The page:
Environmental and conservation laws put squeeze on polluters
December 21, 2009 11:00pm
A COMPENSATION fund to ensure fines from polluters go towards cleaning up the mess they leave behind should be established in Australia.
The recommendation is in a major review of the nation’s environmental and conservation laws, which also suggests establishing a task force to combat emerging threats.
The report says these include climate change, invasive and exotic species, genetically modified organisms and emerging technologies such as nanotechnology.
Federal Environment Minister Peter Garrett released the 373-page report yesterday, saying the Government would “give careful consideration to the recommendations and their implications”.
The report suggests setting up an environmental reparation fund similar to one operating in Canada.
The fund would provide courts with an enforceable way to guarantee that money from pollution penalties and settlements is invested to repair the damage done.
The fund could have been used in the Pacific Adventurer case, in which Swire Shipping refused to meet a promise to cover the cost of cleaning up, after it lost 31 containers overboard and spilt 270 tonnes of fuel oil in rough seas in March.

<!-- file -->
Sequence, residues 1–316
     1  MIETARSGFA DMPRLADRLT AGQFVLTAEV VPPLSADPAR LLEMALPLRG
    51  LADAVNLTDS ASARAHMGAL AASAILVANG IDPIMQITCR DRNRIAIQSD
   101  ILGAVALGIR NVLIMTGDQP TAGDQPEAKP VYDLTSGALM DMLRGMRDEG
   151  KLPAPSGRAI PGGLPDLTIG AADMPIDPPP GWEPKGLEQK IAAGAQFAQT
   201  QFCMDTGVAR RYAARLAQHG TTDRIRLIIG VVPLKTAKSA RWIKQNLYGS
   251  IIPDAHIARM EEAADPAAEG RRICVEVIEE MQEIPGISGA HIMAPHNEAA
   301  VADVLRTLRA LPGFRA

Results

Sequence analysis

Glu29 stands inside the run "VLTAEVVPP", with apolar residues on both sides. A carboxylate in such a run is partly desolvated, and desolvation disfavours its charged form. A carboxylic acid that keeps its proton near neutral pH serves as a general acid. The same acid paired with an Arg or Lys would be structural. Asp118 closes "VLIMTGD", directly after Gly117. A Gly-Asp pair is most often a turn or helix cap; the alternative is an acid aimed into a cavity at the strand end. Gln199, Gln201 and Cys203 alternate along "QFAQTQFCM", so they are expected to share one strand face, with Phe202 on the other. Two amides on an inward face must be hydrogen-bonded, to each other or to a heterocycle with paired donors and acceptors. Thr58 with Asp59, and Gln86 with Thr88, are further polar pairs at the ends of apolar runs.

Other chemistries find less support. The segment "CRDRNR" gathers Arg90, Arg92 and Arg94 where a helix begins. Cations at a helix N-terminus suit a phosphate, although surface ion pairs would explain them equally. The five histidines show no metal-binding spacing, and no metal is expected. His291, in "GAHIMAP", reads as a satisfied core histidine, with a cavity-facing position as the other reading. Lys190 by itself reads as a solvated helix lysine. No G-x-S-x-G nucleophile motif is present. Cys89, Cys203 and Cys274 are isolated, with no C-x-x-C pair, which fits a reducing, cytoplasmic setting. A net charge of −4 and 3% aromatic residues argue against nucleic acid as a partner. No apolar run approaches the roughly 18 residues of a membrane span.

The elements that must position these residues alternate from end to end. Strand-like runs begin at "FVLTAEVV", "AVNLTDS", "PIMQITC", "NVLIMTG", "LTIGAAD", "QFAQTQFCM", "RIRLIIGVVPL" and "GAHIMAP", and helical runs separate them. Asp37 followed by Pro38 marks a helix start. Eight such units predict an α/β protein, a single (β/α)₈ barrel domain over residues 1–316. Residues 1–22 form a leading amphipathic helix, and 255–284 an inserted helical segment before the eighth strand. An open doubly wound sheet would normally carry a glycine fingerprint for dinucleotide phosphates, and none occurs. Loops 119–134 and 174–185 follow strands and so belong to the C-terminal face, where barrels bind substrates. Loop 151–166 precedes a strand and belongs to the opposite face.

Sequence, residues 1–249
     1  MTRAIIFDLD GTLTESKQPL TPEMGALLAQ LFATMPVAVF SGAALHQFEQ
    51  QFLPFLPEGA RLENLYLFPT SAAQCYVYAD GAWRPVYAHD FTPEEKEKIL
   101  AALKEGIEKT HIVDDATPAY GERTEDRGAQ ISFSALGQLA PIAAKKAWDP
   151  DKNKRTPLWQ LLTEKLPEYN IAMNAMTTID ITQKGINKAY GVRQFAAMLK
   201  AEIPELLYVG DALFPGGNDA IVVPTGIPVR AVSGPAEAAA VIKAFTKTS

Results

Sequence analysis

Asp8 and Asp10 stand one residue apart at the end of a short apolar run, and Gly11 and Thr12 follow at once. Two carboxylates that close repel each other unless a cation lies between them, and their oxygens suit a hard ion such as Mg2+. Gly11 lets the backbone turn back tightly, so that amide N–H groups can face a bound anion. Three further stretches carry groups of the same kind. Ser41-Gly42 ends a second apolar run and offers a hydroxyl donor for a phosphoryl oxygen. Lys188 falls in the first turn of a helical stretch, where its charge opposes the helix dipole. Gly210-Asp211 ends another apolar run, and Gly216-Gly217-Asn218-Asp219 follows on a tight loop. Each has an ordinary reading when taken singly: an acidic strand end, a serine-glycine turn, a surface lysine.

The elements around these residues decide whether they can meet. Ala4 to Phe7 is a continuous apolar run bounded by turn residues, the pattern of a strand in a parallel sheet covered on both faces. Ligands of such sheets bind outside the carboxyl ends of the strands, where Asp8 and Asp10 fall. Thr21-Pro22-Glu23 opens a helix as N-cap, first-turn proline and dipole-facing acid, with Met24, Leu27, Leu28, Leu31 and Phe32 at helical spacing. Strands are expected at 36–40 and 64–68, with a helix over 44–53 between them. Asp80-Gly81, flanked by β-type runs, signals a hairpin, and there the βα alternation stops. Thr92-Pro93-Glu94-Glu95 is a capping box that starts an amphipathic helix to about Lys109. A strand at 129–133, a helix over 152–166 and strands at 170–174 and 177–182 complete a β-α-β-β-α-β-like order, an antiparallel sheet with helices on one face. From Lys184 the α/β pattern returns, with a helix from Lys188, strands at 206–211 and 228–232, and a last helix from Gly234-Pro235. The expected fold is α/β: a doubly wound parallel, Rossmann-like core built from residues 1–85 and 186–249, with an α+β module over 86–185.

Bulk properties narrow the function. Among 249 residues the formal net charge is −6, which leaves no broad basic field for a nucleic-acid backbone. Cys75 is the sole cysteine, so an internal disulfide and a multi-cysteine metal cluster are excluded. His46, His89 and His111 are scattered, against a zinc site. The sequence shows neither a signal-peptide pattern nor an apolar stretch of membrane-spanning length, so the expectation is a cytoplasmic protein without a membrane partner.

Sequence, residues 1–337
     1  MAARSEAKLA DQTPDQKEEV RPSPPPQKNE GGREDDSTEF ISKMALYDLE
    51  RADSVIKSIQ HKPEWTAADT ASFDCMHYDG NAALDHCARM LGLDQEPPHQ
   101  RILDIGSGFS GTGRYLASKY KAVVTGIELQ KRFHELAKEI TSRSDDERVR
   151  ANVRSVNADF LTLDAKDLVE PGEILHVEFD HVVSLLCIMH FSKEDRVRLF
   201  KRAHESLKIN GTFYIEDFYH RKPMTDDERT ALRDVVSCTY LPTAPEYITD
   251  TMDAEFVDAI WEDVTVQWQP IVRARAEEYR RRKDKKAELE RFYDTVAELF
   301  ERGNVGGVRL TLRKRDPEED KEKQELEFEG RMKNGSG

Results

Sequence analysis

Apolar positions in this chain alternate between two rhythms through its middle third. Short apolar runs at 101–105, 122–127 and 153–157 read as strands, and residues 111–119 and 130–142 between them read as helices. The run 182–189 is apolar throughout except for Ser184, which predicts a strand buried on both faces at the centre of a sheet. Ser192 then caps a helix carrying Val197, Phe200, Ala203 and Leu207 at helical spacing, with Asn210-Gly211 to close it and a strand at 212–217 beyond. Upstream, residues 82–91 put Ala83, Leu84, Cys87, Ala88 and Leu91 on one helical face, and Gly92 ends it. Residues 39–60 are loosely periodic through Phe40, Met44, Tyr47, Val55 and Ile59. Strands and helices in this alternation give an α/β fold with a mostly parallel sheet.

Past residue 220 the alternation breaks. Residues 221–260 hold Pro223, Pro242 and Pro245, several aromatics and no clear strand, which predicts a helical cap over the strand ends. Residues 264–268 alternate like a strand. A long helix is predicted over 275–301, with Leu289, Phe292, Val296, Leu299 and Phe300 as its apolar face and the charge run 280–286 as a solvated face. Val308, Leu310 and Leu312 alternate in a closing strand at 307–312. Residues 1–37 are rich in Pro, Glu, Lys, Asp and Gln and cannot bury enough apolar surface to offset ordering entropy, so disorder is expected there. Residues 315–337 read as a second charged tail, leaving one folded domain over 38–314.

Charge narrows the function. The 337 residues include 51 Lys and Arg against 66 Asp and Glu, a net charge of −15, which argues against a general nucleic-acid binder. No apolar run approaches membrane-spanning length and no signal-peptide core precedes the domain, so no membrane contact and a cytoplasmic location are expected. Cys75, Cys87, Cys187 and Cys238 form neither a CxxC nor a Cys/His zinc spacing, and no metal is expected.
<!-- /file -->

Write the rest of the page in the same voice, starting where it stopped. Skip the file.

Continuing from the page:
The company argued its legal liability was only $14.5 million but eventually agreed to pay $25 million in compensation.
The report’s 71 recommendations, which are part of Dr Allan Hawke’s 14-month review, also include calls for a national “biobanking” scheme.
This would be a fund to offset and limit environmental harm during a development.
It also calls for a dedicated taskforce to provide a national list of threatened species.
Mr Garrett said: “Dr Hawke’s final report also makes a recommendation in relation to a proposed ‘greenhouse trigger’.
“This recommendation has a direct bearing on the government’s response to climate change and to the (emissions trading scheme) Bill.”
The Bill is due to be reintroduced into Parliament on February 2.
Mr Garrett said the Government favoured an ETS and if the legislation was passed there would be no need for a greenhouse trigger to be introduced.
Welcoming the report, the Australian Conservation Foundation’s Paul Sinclair said: “It’s time to get serious about looking after our natural environment, implement these recommendations and provide the scale of investment needed.”
But Urban Taskforce head, Aaron Gadiel, said the review had failed to live up to its promise to reduce red tape.